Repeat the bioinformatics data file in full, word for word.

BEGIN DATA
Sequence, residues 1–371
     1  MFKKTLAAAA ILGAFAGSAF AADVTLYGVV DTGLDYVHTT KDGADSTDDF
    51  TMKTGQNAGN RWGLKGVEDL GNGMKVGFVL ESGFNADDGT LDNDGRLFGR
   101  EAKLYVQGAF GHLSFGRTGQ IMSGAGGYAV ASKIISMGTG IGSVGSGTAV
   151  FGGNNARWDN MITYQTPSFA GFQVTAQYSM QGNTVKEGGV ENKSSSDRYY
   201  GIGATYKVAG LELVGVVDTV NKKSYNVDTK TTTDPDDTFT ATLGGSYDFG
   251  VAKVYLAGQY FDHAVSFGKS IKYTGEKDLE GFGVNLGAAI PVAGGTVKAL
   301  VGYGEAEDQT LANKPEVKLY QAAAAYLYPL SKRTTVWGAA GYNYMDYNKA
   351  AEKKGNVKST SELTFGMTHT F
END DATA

Sequence, residues 1–371
     1  MFKKTLAAAA ILGAFAGSAF AADVTLYGVV DTGLDYVHTT KDGADSTDDF
    51  TMKTGQNAGN RWGLKGVEDL GNGMKVGFVL ESGFNADDGT LDNDGRLFGR
   101  EAKLYVQGAF GHLSFGRTGQ IMSGAGGYAV ASKIISMGTG IGSVGSGTAV
   151  FGGNNARWDN MITYQTPSFA GFQVTAQYSM QGNTVKEGGV ENKSSSDRYY
   201  GIGATYKVAG LELVGVVDTV NKKSYNVDTK TTTDPDDTFT ATLGGSYDFG
   251  VAKVYLAGQY FDHAVSFGKS IKYTGEKDLE GFGVNLGAAI PVAGGTVKAL
   301  VGYGEAEDQT LANKPEVKLY QAAAAYLYPL SKRTTVWGAA GYNYMDYNKA
   351  AEKKGNVKST SELTFGMTHT F